New novels from masterful writers Namwali Serpell and Amber McBride are available this fall. Serpell, a Zambian-American novelist and professor of English at Harvard University, has offered her second novel, “The Furrows”, following her award-winning debut, “The Old Drift” in 2019. Serpell’s depth and ability to blending emotion and storytelling create a searing story of grief and mystery. In “The Furrows”, the narrator is Cassandra, or Cee, who recounts how, at the age of 12, her 7-year-old brother, Wayne, disappeared under the waves of the ocean, “the great furrows in the ‘water’ like furrows in a field,” writes The New Yorker.
Amber McBride is a lesser-known author whose prose and touching literary language landed a two-book deal with Feiwel & Friends, a Macmillan publisher, in 2020. Her latest book due out in October 2022 is titled “We Are All So Good”. at Smiling,” her second young adult novel after her debut, “Me: Moth.” The book tells the story of young Whimsy who finds himself “back in the hospital for treatment for clinical depression. When she meets a boy named Faerry, she recognizes that they both have magic in their bone marrow. And when Faerry and his family move down the same street, both begin to realize that their lifelines may have twisted and untwisted many times before,” Feiwel & Friends describes.
The two authors, who are just beginning their careers as novelists, reveal the worlds of their protagonists in their own way. Both books are written through the eyes of young people. McBride chooses to incorporate fantasy and magical elements to embolden and push the conflict of her character’s depressed situation. And Serpell chooses to focus on feeling, inner experience and pain alongside the gripping detail of a girl’s younger brother’s swallowing mystery. They approach the experience of a young child in different ways: one through the prism of mental illness and fantasy imagery and the other through the reality and physicality of being lost.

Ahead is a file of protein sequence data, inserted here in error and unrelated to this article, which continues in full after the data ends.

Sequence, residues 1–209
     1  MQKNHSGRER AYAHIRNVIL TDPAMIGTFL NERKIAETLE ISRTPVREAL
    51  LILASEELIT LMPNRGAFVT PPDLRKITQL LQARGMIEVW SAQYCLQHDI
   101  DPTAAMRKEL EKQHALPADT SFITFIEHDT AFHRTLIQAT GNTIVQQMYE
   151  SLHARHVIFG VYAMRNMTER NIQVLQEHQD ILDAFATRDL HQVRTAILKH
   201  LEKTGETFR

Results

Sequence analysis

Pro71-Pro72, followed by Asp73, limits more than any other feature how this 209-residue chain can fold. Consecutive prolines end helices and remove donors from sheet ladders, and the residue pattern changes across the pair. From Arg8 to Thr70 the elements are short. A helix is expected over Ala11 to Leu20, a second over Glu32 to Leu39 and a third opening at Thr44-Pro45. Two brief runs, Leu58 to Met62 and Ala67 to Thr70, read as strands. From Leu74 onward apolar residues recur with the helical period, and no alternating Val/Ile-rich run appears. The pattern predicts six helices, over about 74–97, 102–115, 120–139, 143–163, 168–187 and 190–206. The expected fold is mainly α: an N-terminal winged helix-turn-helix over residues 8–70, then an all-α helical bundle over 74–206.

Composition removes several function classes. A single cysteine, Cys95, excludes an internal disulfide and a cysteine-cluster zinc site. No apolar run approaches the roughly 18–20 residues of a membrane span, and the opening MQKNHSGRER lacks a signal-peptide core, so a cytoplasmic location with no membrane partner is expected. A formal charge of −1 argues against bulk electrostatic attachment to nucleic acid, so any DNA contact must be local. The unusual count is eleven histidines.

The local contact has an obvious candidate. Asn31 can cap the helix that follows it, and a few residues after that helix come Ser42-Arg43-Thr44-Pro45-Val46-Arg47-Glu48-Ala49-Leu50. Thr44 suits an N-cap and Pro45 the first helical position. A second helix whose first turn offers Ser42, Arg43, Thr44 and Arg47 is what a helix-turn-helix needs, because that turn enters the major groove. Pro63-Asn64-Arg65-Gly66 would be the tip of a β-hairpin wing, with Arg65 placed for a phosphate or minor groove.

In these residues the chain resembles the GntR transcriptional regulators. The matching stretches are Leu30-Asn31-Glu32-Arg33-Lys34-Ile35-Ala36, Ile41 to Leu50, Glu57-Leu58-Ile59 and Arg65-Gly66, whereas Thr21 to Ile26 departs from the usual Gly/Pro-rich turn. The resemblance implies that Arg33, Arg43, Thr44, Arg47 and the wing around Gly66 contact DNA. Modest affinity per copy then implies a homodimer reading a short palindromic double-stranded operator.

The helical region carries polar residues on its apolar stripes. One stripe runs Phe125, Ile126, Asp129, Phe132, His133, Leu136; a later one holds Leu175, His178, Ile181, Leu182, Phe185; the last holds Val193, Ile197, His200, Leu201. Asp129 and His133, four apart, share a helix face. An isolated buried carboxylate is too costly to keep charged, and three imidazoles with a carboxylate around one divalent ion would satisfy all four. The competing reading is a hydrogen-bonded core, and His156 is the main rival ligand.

As the careers of these writers unfold, it would be beneficial and positive to pay close attention to the structure and beauty of their writing. These books are the foundations of their personal styles and their ability to execute the articulation of a character’s perspective. “The Furrows” and “We Are All So Good at Smiling” are already polished and reveal a glimpse of what they are capable of through the grace of their current vocals. They have the ability to become masterful, and in a world where black female novelists and their stories have been overlooked and underpublished, the new inclusiveness in major publishing offers these writers, and others, opportunities to hone their job – to continue to write and explore as many complex and interesting scenarios and circumstances as they wish.